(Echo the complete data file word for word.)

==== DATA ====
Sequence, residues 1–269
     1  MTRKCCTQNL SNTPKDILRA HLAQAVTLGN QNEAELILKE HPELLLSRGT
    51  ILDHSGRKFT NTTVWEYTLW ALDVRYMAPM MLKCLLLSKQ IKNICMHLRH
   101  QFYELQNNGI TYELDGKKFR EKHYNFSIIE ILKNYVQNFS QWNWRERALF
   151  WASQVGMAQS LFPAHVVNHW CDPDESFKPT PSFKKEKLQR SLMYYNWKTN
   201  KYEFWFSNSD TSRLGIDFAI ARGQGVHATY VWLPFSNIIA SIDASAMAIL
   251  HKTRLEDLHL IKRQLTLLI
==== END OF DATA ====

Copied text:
Sequence, residues 1–269
     1  MTRKCCTQNL SNTPKDILRA HLAQAVTLGN QNEAELILKE HPELLLSRGT
    51  ILDHSGRKFT NTTVWEYTLW ALDVRYMAPM MLKCLLLSKQ IKNICMHLRH
   101  QFYELQNNGI TYELDGKKFR EKHYNFSIIE ILKNYVQNFS QWNWRERALF
   151  WASQVGMAQS LFPAHVVNHW CDPDESFKPT PSFKKEKLQR SLMYYNWKTN
   201  KYEFWFSNSD TSRLGIDFAI ARGQGVHATY VWLPFSNIIA SIDASAMAIL
   251  HKTRLEDLHL IKRQLTLLI